With a provincial election looming large and government purses suddenly bursting at the seams, forgive Mark Gruchy if he seems a little cynical about the timing of an announcement to build a new jail in Newfoundland and Labrador.
For years, the defence lawyer and mental health advocate has been calling for a replacement to Her Majesty's Penitentiary in St. John's, which opened in 1859 — the name a reference to then-Queen Victoria.
"Many people have said they're going to build a new penitentiary and there's been hope raised before," said Gruchy.
"And we're still here. So in many respects I feel like we're just going over the same ground."
Gruchy wants to know more about the proposal. Namely, when will a new jail be built, and how will it be run?
When Justice Minister Andrew Parsons and Transportation and Works Minister Steve Crocker announced their plan Wednesday, they said government would partner with a private company to design, build, finance and maintain the new facility.
Gruchy called the strategy "poorly defined" and said the public needs to know more about what the province is proposing. He's concerned about the implications of a private company handling building maintenance at a jail.
"Your customers can't complain because they're literally in cages. What incentive do you have to properly maintain the building? Not much," he said.
"Really, it's about the details. The devil's always in the details and we don't really have a whole lot at this point."
Trails in jeopardy
The lawyer and advocate isn't the only person with questions.
The new facility — with a price tag of $200 million — is set to be built in White Hills, in the east end of St. John's, and would have the capacity to house twice as many inmates as Her Majesty's Penitentiary.
Though home to provincial headquarters for the RCMP and DFO, not to mention the Robin Hood Bay landfill, the sprawling White Hills area is covered in scenic trails and wilderness used by hikers, cyclists and birders.
Outdoor enthusiasts like Lachlan Roe-Bose, head of the Avalon Mountain Bike Association, want to know if those trails will be destroyed.
I think that has to be taken into account but I'm confident that something can be worked out because this is a project that needs to go forward. - Andrew Parsons
Based on the rough sketch he's seen of the building's proposed location, Roe-Bose believes a third of the trails in the area will be compromised.
"It has to go somewhere," he said, "Does it have to go in an area so close to the core of downtown? So close to the quaint village of Quidi Vidi, which is a major tourist attraction?"
Runner Katie Wadden said she hopes the provincial government is open to working with trail-users.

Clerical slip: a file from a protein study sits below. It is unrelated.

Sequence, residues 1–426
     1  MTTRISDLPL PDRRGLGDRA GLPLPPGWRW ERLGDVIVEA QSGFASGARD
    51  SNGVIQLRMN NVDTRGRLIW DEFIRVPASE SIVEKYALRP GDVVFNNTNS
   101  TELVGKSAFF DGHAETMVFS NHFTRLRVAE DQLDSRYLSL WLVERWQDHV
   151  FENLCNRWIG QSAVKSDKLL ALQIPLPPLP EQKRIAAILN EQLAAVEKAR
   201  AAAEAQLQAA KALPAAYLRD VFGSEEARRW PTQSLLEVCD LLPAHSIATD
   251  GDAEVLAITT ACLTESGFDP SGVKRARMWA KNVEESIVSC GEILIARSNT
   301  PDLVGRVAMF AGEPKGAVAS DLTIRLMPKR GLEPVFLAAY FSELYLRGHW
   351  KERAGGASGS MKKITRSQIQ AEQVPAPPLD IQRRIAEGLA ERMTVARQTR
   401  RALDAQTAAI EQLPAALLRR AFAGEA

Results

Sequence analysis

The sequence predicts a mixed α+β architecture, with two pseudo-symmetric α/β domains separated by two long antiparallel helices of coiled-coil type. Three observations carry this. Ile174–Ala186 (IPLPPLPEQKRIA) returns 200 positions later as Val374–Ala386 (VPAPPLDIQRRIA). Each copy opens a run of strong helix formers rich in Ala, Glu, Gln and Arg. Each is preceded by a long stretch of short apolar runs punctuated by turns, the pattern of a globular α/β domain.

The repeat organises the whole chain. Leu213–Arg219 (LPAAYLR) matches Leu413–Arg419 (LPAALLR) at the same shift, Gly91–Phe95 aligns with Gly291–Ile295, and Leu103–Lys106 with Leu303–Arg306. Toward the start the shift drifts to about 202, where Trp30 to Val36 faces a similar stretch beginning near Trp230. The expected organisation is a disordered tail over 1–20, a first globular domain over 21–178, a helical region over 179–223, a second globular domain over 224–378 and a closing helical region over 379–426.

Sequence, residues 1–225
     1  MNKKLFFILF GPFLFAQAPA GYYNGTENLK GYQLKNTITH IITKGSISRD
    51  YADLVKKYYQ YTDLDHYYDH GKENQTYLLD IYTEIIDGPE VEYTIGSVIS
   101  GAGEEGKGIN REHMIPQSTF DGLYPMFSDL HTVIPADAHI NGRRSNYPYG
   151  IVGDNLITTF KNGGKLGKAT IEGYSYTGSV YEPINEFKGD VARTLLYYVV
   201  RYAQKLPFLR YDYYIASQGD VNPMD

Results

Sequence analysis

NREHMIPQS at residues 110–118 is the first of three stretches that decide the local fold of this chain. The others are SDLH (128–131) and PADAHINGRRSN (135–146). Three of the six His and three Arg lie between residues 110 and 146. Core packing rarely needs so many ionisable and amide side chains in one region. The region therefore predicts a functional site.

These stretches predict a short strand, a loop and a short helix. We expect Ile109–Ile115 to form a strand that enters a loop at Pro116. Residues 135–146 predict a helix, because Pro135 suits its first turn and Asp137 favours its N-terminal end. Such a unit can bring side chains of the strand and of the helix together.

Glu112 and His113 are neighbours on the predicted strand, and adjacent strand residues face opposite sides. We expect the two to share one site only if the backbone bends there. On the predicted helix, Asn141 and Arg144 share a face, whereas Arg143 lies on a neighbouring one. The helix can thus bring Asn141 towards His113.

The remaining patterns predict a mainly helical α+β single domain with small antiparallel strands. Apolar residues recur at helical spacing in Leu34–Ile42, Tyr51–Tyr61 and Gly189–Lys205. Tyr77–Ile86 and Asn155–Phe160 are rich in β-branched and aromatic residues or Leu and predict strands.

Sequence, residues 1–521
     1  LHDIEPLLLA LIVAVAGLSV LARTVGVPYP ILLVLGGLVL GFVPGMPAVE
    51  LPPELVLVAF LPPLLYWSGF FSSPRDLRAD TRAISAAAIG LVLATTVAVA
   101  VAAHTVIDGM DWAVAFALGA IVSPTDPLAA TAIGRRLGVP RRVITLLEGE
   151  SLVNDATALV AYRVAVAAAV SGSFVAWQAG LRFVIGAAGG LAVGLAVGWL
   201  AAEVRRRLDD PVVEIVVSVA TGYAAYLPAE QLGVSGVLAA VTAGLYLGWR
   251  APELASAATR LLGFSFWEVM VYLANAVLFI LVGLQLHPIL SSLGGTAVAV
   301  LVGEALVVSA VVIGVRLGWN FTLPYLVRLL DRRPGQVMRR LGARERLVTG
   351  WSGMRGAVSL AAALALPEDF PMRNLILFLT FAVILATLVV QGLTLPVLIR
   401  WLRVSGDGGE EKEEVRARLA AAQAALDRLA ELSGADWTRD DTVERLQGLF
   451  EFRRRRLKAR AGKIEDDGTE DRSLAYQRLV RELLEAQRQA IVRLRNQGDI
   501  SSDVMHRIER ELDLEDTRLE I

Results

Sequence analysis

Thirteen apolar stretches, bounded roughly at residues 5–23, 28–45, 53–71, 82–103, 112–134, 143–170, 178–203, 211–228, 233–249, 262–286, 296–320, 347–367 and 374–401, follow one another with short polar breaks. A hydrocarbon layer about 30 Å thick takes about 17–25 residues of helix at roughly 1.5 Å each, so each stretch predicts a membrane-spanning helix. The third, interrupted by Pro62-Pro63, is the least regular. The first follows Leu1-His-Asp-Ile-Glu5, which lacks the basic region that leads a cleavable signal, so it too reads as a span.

"Our biggest fear, I guess, is that everything would be taken away," she said.
"There's such a long-standing history of recreational use in the White Hills that we really want to work with them."
It's another detail that is yet to be worked out, and according to the justice minister it's one that will be sorted by the transportation and works department.
As for his own opinion on the issue, Andrew Parsons has mixed feelings.
"We've worked extremely hard over three years to move what many thought was impossible and now it looks like it's possible," he said.
"It's a bit tough, but I would never say to these groups that use these areas that, 'No, we're not concerned about you.' I mean, I think that has to be taken into account but I'm confident that something can be worked out because this is a project that needs to go forward."
Her Majesty's Hotel?
Then there's the question of what to do with Her Majesty's Penitentiary. Parts of the160-year-old complex have been part of the St. John's landscape longer than Cabot Tower, Memorial University and St. Clare's Mercy Hospital.
Jerry Dick, the executive director of the Heritage Foundation of Newfoundland and Labrador, believes the original structure has historical value. In part, that is because it is one of a few stone buildings left in the capital city.
Dick said there are a few different ways to reuse the building while maintaining its architectural value and also acknowledging its draconian history, which includes executions by hanging, debtors' jail and a literal dungeon.
One option, Dick said, is to establish a museum to tell the story.
"But other communities have dealt with adaptive reuse of their prisons by finding new uses, kind of positive sorts of things," he said.
"In my research I found a number that have been turned into cultural centres, in some cases they've been turned into hotels."
The justice minister said nothing's been decided yet.
"There's a lot of possibilities. It's a beautiful location," Parsons said.
"There's some kind of history still in that building that I think needs to be preserved."
On that point, Gruchy, whose clients have spent countless days inside those jail walls, agrees. He thinks a museum is the appropriate use.
"But I hope it's the right kind of museum because an awful lot of tragedy has gone on in there and it's pretty amazing to my mind that it still exists."